I had not planned on making a short film –– I wanted to write and direct Jane as my first feature film. I wrote the initial draft very quickly while I was in the screenwriting program at UCLA. I knew that was merely a starting point. I wanted to capture the nuances of the Jane story and the women they helped, so I tracked down several original Jane members and interviewed them. This was revelatory. It gave me an insight into the details of the world. I continued to revise the script in multiple screenwriting labs until I felt it was in good shape.
This was a story worth fighting for and I was determined to direct the film. I arranged meetings with producers who encouraged me to make the lead role a “male” doctor, write an action thriller, and told me the story was “too hard to make.” What they didn’t say, but I understood, is “We don’t want to take a risk on you.” This is a common roadblock for many women directors getting their first shot at directing a feature.
But my commitment to tell this story was unwavering –– so I wrote a short film version of Jane. While raising a million dollars for a feature seemed daunting, I could envision a short film. Ultimately, I collaborated with a producer Reena Dutt and directed the Jane short film with a largely women-powered crew and a group of talented collaborators, including Mishel Prada (‘Vida’/ ‘Riverdale’) and Mekenna Melvin (‘Chuck’).
RD: I learned about them through Natalija. I was floored by the love and commitment Natalija has for this project and immediately wanted to be a part of it.
The film takes place before Roe v Wade was decided, but in 2020, we are looking at Roe v Wade hanging on by a mere thread. What do you think audiences can learn from the real life story of the Jane Collective?
NV: No one is going to save us. We have to save ourselves. We don’t have time to be complacent or intimidated. The best antidote to fear is action. What the Janes (and Margaret Mead) can teach us –– is that it only takes a small group of dedicated people to create change. The Janes were a relatively small group, people circled in and out, but they constantly challenged a broken system. We must organize on all fronts –– pass legislation, strengthen laws at the state level, expand the option of tele-medicine, and continue to go to court to fight punitive anti-abortion laws –– like “TRAP Laws” and “Heart Beat Bills.” The fact that male-led state legislatures and courts get to make decisions about our reproductive choices and healthcare is insulting and discriminatory.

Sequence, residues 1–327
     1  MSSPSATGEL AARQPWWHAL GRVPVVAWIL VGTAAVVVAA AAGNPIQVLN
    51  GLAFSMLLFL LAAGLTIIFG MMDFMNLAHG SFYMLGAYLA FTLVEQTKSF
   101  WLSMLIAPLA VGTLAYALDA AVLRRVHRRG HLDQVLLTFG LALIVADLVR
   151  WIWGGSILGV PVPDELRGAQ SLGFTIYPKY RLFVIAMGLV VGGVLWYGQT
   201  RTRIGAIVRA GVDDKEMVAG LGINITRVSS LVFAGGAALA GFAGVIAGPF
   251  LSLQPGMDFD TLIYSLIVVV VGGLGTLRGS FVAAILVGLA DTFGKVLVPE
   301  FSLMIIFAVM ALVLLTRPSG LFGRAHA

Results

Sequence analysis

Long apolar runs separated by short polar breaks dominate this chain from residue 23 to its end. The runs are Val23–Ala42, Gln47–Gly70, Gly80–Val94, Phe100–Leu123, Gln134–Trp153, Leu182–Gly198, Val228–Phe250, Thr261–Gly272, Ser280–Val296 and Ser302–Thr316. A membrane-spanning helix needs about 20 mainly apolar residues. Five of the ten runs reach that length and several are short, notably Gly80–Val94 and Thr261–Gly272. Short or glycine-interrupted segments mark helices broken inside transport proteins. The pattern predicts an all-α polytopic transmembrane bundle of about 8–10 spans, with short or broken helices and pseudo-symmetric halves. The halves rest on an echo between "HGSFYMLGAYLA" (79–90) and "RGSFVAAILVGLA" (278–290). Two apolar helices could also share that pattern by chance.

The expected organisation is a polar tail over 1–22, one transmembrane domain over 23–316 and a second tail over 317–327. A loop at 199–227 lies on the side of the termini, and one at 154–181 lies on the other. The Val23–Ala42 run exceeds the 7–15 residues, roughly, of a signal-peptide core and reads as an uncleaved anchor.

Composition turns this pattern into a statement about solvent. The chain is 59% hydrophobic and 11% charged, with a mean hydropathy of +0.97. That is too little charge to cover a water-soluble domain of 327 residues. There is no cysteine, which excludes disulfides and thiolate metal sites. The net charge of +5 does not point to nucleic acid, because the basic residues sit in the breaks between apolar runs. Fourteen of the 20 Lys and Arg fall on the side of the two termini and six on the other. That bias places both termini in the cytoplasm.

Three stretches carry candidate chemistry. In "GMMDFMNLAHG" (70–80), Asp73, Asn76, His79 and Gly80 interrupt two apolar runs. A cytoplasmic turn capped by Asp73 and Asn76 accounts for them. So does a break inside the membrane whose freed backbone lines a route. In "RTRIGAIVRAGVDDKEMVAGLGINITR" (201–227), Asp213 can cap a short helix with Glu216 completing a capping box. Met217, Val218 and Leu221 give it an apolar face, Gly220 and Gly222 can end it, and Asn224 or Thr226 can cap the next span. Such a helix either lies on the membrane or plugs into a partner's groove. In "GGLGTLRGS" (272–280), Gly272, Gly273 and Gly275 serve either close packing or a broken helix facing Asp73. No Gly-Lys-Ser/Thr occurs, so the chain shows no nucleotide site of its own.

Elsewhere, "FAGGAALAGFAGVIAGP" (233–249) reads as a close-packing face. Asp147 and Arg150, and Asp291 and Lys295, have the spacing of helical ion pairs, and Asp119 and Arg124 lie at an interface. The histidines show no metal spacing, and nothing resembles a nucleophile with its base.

RD: I hope folx see how complicated each situation is, how risky it was, and how appreciate women were to be given a second chance. I hope there is a ton of discussion, arguments, and empathy that stems from watching it. If the film is not polarizing, it has not done its job.
In the film, which is shot inside a 60’s style house doubling as a clinic, the first patient we see is a young woman of color, and the second is a woman we assume is a wife and mother. Were these characters chosen on purpose, given the stats around the majority of women who access abortion today?
NV: I wasn’t thinking about statistics when I wrote the characters. I was thinking a lot about my interviews with the Jane members. I was struck by the stories they told about the older women who came to see them. Their stories stayed with me. A lot of the women already had families and children. At the time, there was a lack of basic sex education. Many women assumed because they had reached a certain age they could not get pregnant. Then suddenly they found themselves pregnant.
The women had many reasons for not wanting to go through with their pregnancy. Some women were trapped in bad marriages or had abusive husbands. For others, it was economic, they simply could not afford to bring another child into the world. They already had other children to consider. I thought this is a version of the story we don’t see often enough. I felt that showing an older woman come into the service would add more layers and complexity to the character and her decision. Many films and TV shows depict high school girls seeking abortions. I wanted to explore another side of the story. That’s why I wrote the character of Verna (played by Leah Monnette) who already had three children and a relatively happy marriage.